My hands clenched. I unclenched them. Princess Albalia thumping Chief Minister Sherriz on his lying mouth would be deemed unseemly. Plus it wouldn’t do me any favors. And I had a favor to ask.

“I want to pay my last respects to the queen, Chief Minister, to be present at her funeral. I would be most grateful if you could arrange it.”

Sherriz rolled the papers into a neat cylinder. “The queen’s last rites were performed at dawn, Highness.”


There was a story I loved as a child, of a giant trapped in a cave. He ate whatever he could find, rodents, slugs, ferns- A few holes on the roof brought in breathable air and a hint of the sun. To keep track of the weeks, months and years, he made marks on the walls with a nail he pulled out of his own boot, one dash per day.

In the end, he ran out of places for his dashes.

My prison was my suite of rooms. Maids brought my meals from the royal kitchen. They did my laundry, made my bed, dusted, swept, took away used stone-lights and brought back re-powered ones. They didn’t return my smiles and ignored my greetings and thanks.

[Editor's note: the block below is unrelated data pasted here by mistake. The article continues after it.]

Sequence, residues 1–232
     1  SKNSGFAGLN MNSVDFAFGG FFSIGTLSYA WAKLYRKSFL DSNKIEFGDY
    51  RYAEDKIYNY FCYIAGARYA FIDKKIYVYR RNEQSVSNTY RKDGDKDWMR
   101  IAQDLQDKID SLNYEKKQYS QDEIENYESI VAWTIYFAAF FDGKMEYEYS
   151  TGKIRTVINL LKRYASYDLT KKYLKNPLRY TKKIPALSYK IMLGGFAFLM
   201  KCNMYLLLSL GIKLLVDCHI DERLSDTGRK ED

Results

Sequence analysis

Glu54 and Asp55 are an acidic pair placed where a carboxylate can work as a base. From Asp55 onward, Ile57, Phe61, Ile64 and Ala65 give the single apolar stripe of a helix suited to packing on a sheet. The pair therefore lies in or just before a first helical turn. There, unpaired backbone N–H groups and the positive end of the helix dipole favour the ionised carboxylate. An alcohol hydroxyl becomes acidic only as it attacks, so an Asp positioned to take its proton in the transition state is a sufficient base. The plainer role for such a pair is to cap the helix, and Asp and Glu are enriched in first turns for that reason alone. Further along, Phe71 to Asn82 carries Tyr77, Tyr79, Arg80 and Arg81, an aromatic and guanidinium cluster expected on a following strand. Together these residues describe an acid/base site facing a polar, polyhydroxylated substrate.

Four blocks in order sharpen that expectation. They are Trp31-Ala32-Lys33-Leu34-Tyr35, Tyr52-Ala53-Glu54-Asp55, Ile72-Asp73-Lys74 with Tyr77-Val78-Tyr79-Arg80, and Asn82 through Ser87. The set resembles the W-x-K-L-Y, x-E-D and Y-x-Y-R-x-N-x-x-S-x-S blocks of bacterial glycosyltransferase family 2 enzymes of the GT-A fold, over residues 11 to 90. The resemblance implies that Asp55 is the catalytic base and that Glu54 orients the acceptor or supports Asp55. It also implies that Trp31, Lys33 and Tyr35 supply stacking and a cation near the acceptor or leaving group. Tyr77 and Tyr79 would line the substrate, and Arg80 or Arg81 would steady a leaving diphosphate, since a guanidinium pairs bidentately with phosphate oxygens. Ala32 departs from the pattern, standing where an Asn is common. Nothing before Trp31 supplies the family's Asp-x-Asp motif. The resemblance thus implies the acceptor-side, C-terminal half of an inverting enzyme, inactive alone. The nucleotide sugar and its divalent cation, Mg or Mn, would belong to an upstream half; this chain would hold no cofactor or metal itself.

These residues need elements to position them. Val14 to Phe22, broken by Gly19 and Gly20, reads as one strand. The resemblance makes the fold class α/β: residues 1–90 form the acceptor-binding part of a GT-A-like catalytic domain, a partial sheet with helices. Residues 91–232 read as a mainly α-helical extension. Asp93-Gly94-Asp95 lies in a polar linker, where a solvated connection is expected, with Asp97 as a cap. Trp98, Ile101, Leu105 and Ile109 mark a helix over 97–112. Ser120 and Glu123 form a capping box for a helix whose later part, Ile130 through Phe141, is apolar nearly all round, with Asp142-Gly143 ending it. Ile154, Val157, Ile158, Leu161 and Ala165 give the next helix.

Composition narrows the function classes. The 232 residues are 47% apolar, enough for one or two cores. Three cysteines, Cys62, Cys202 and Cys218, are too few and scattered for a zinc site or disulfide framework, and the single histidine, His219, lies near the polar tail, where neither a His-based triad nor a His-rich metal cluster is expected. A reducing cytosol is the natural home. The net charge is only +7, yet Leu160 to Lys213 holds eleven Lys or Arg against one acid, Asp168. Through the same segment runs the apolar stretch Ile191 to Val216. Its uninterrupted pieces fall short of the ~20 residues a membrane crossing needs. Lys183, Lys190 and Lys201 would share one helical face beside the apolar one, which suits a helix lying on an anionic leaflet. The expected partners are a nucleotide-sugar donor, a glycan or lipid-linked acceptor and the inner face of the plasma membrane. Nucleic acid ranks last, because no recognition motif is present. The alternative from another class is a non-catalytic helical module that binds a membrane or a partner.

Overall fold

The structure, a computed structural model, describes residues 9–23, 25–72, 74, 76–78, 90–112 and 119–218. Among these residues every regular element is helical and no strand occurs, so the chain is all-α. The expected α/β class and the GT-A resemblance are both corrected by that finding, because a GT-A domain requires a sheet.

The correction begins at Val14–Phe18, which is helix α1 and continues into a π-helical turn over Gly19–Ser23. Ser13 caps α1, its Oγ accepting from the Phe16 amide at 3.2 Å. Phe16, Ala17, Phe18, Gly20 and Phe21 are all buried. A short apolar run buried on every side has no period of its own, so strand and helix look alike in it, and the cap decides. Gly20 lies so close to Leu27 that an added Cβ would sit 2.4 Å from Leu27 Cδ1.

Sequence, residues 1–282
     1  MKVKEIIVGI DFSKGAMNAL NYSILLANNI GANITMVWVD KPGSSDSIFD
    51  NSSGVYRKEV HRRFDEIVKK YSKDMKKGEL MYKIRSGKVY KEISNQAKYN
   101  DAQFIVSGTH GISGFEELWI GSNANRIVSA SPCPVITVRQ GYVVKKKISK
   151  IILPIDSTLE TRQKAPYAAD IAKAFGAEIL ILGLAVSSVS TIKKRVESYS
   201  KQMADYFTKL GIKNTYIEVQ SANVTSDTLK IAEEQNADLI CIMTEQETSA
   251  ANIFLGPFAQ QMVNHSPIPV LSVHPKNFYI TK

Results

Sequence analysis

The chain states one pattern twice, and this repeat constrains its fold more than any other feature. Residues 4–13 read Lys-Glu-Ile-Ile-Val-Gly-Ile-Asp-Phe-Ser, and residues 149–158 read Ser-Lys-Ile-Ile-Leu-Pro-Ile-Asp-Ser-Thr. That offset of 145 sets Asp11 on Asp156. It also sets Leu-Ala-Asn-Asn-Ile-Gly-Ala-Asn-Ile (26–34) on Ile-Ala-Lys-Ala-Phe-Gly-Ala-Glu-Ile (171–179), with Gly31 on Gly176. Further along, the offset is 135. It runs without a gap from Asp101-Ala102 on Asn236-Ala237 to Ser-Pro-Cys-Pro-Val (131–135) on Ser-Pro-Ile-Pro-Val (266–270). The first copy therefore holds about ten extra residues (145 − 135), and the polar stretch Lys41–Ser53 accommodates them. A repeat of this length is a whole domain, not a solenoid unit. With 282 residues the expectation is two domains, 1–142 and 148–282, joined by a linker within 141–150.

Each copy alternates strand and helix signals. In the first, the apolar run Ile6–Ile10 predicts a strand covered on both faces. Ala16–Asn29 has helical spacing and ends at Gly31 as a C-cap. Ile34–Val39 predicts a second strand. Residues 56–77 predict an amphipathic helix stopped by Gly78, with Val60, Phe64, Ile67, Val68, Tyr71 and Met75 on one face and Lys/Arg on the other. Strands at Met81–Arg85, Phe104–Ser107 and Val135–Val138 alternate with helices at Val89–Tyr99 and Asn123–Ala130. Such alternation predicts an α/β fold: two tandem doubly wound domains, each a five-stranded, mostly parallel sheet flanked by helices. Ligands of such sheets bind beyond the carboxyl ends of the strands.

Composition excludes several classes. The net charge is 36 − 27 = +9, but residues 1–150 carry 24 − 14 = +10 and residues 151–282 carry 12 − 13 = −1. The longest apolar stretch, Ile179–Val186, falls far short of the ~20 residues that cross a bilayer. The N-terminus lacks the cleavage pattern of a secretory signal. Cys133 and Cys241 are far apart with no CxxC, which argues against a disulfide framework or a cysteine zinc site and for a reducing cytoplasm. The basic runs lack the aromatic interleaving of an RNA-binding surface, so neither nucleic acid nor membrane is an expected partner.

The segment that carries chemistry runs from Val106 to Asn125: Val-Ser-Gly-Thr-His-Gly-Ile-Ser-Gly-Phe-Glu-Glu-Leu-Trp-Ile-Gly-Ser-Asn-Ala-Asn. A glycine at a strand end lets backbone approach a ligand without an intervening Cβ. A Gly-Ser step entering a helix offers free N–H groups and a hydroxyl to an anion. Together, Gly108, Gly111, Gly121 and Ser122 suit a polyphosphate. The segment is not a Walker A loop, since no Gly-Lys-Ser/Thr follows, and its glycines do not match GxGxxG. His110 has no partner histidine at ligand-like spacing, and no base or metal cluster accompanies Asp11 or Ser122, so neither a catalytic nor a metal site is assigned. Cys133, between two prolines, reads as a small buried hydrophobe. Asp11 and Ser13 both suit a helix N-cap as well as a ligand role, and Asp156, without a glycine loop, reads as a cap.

Nellin accompanied them often. Though her tongue remained silent, her grief-haunted eyes continued to accuse me.

Every morning my interrogators descended on me. Sherriz asked the same questions, again and again. After they left, I was on my own.

I spent the crawling hours writing letters. I wrote to Father begging for justice, and permission to visit Bellizza’s grave. I wrote to Nana asking after her health, telling her how much I missed her. I wrote to Prince Bernalin (Uncle Bernii, Father’s cousin and heir, and my favorite relative) explaining my predicament. I wrote to Doktoras Poll assuring him the poisoned rose-apple couldn’t have been mine. I wrote to Cousin Tygyrin asking for books. I wrote to Minister Ekko reminding him that both entrances to the Queen’s Apartment were guarded, and requesting him to obtain for me a list of all those who were in the Apartment at the time of the murder or came in from outside.